In her new book The Anatomy of Loneliness, Teal Swan discusses how loneliness is reaching endemic proportions in our society and that now, more than ever we need to find a way to connect. In this excerpt, Teal writes about avoiding intimacy and how to create it…
Some people are absolutely terrified of intimacy. As a result, they avoid it, often without even realizing that they are doing so. They are terrified that intimacy is going to lead to something that feels bad. For example, we might be terrified that if we let someone really see the truth of us, they won’t tolerate or accept it. If they know the truth of us, they may use it as leverage to control us or use it against us later. If they know our weaknesses or vulnerabilities, they can capitalize on them to our detriment and conversely for their own best interest.
If they give us closeness, we may feel like we are obligated to make them happy in return, which is a kind of indebtedness and we stand to lose our freedom as a result. If they find out things about us that they might judge as bad or wrong, then they might increase our shame, abandon us or reject us. If we let them in, they might find a way to engulf us completely so that we don’t even have ourselves at all and, worse yet, if they leave we will be left with nothing.
Here’s another way to approach this. I suggest spending some time imagining being completely close to someone and having no distance between the two of you. Imagine that person being able to see, feel, hear, understand you and be permanently linked to you. At first you may feel a very deep imprint of fear arise when you try to imagine this and there is a good reason for that. It’s based on a childhood response where we were told that our feelings, thoughts and desires would not be tolerated. This section will help you start to understand and overcome this fear, but first it’s necessary to understand where it came from.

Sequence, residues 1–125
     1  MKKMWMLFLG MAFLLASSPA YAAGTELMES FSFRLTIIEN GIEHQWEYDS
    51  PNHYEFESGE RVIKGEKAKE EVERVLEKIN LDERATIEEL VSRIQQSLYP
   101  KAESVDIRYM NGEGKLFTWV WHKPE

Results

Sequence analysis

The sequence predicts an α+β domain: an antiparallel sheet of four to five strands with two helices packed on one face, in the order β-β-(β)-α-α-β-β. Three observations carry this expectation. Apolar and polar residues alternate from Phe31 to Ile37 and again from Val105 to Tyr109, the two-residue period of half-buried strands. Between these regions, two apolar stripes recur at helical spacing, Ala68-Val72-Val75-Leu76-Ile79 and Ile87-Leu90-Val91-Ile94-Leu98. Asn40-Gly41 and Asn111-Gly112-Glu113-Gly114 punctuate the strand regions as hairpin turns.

When a child is born, it’s born with a natural compulsion and instinct to be close to its parents. Intimacy comes naturally to us all. Being close to our parents is how we guarantee having our needs met and experiencing protection and comfort in times of distress. But how a parent responded to you dictated how safe closeness and intimacy was or wasn’t. If we have a fear of intimacy, our parents either dismissed our neediness and shamed us for it or used it against us.
As we have already discussed, in households like this, parents usually respond to feelings, thoughts or desires with intolerance and non-acceptance. The message that the child most often gets from this experience is that the way he or she feels, thinks or wants is invalid, shameful and in direct conflict with the parent’s feelings, thoughts and desires. As for us, since we were only children when this happened, instead of seeing how ridiculous this was, we decided that our parent must be right. The result was that they swallowed our own personal truth in the same way that a predator swallows its prey. And we let it happen. It was a strategy to keep us safe from conflict and avoid being abandoned. But nonetheless we felt engulfed. We lost ourselves.